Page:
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Predictable seasonality is planned for and expected by consumers. It is widely known that it will be hotter in the summer, colder in the winter, rainy in early spring, and dry and brisk in the fall. These changes are consistent, annual and accepted by all who live throughout the various geographical areas of the country. In anticipation of these seasonal changes, consumers spend in fairly predictable ways, buying warmer clothing, jackets, hats, and gloves in late fall/early winter, and hitting the stores for shorts, t-shirts, swim trunks ,and sandals in the spring. Air conditioners see a large spike in sales in late spring/early summer, as people start to experience some of the season’s hotter weather, just as space heaters experience a peak in late fall that extends throughout the winter.

Weather Changes and Purchase Timing

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While there is a certain predictability to shopping, sudden changes in weather can produce rapid changes in purchase timing. A white paper produced by the search marketing company Greenlight examined this phenomenon as it relates to Internet shopping and found an interesting correlation between unseasonal weather changes and consumer behavior. Their research shows that shoppers will suddenly decide to purchase things that they would have otherwise waited for due to sudden changes in the weather. As an example, some people will buy summer clothing on the first warm day of the year, even if it’s a long way to summer and far before they had planned on buying their new outfit. Similarly, Greenlight found that a very early snowstorm might spark an increase in Christmas shopping, as people suddenly get into the spirit of the holiday even if pumpkins were carved just a few days prior.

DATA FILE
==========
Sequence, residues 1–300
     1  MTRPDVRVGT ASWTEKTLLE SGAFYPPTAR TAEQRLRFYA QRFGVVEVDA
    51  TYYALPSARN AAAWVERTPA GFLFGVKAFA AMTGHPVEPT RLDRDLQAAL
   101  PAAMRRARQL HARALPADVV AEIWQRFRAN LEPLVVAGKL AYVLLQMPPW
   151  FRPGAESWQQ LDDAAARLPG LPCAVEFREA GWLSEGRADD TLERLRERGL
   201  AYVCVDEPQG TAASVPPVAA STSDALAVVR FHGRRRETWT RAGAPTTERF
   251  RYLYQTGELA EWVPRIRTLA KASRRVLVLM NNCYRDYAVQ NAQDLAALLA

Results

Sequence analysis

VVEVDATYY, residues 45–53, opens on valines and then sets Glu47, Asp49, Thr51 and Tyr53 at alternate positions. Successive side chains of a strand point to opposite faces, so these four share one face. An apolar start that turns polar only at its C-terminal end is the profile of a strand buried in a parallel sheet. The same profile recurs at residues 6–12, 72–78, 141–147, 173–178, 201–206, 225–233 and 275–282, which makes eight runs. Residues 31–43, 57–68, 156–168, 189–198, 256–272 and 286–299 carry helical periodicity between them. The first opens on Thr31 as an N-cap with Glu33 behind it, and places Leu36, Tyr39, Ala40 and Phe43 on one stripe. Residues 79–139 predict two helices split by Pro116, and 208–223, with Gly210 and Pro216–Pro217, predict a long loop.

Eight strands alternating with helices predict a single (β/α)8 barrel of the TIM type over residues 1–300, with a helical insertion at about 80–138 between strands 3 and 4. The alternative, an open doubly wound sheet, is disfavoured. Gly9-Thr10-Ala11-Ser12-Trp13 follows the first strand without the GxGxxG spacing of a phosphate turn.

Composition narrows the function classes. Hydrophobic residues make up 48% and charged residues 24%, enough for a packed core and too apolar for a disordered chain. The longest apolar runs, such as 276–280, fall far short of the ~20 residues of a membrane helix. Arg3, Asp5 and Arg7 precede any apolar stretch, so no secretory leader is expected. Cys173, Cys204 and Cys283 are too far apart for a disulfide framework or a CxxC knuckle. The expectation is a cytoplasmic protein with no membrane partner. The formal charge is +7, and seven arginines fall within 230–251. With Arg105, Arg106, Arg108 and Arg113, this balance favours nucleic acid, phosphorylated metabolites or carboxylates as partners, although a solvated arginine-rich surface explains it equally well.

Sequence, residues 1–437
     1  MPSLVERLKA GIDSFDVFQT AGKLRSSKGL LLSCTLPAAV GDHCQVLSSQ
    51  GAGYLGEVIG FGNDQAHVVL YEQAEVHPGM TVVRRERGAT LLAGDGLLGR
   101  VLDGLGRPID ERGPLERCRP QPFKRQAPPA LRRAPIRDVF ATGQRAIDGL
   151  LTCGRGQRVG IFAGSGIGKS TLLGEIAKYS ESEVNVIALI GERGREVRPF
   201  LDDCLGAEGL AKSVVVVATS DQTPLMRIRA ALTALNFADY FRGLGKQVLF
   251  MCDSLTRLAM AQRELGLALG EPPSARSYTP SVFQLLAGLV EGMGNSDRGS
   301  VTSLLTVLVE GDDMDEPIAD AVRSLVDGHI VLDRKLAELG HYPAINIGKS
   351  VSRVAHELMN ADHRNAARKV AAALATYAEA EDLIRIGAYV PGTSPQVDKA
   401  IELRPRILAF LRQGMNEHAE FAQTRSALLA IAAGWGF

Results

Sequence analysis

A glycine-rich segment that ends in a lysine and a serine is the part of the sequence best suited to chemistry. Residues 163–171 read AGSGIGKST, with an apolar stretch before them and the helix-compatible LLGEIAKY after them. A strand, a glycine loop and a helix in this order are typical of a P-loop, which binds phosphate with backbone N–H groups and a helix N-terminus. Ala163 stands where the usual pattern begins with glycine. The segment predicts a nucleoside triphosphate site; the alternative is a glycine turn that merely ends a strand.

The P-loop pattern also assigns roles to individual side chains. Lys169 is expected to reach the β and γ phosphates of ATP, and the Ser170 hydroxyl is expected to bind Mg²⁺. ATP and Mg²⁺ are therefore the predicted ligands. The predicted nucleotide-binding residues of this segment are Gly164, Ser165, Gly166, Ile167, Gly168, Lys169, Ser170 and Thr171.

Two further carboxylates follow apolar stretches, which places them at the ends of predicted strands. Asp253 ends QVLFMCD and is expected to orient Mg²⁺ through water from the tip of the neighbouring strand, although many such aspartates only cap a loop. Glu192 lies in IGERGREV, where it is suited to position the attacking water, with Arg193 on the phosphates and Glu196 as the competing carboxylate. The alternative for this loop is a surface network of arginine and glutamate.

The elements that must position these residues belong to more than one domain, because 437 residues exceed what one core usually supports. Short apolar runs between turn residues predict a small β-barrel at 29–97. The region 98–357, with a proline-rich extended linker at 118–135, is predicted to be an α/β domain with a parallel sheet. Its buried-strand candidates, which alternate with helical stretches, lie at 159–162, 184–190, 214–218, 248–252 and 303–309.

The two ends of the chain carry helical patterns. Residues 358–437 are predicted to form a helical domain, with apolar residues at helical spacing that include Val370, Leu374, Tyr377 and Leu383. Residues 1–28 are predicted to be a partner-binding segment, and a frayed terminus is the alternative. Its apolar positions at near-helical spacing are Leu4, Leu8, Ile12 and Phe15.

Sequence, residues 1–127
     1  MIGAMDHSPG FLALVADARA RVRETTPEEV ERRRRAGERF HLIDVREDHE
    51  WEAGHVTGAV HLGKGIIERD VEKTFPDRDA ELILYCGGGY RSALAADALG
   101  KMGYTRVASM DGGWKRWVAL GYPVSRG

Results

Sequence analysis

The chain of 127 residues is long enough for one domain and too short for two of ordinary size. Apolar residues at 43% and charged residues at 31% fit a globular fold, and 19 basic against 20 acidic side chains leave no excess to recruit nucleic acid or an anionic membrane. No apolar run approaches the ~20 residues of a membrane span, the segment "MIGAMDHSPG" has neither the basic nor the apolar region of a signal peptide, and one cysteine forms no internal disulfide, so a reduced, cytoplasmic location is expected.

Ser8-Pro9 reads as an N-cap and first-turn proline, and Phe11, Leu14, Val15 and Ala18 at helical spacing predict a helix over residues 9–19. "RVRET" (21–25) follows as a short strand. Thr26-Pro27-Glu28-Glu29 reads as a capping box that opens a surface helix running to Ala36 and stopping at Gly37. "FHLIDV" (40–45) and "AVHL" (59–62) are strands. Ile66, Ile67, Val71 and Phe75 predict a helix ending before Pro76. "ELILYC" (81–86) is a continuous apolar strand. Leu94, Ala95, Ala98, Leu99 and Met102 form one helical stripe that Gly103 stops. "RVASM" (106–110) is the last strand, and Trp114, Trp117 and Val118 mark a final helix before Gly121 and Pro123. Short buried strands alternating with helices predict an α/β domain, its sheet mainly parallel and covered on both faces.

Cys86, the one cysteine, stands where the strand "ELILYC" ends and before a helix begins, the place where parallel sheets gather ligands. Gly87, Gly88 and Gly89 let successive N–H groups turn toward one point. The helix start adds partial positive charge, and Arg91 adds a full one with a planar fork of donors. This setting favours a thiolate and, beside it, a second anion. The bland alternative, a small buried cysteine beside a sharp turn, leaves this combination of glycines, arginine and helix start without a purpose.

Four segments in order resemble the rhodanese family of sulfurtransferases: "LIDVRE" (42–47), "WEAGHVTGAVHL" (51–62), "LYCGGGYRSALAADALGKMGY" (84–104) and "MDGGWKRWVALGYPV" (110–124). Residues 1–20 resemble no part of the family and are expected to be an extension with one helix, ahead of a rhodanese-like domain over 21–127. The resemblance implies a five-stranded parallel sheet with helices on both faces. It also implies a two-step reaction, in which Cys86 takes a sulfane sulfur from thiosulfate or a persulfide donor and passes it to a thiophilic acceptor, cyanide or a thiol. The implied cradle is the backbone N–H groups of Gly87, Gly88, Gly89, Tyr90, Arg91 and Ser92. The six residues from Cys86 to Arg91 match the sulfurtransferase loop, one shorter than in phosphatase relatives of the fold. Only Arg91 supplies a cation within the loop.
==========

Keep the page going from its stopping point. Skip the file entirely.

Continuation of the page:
Weather and Changes in Consumption

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The Greenlight white paper also sheds light on another interesting consumer phenomenon during sudden and unexpected weather changes. “Substitution,” as they call it, occurs when changes in weather result in changes in consumption. For instance, during  unusually heavy periods of rain and snow, consumption of movies and books often rises, as these are  products and activities that can be enjoyed inside,  away from harsh weather conditions. During these same weather conditions, restaurants and bars often see a slump in sales, as consumers must leave their homes and go out to enjoy such services. On the other hand, Greenlight reports that  reverse changes in weather might result in consumers buying in local stores rather than online. A heatwave, for example, might cause shoppers to want their new grill immediately for a barbecue, making them unwilling to wait for delivery from an online retailer. And, of course, a new summer outfit to go with the occasion is an imperative for the first warm day of the year.

Comments

One Comment on “How Does Weather Affect Shopping?”
  1. I only shop when it rains. It seems like there’s less competition.

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  1. [...] Consumer behavior can be swayed by a variety of factors, not the least of which is the weather. It may not seem as crucial as your next big marketing idea, but it is still pretty important to understand the various ways that patterns and changes in the forecast can affect buying. Read ahead [...]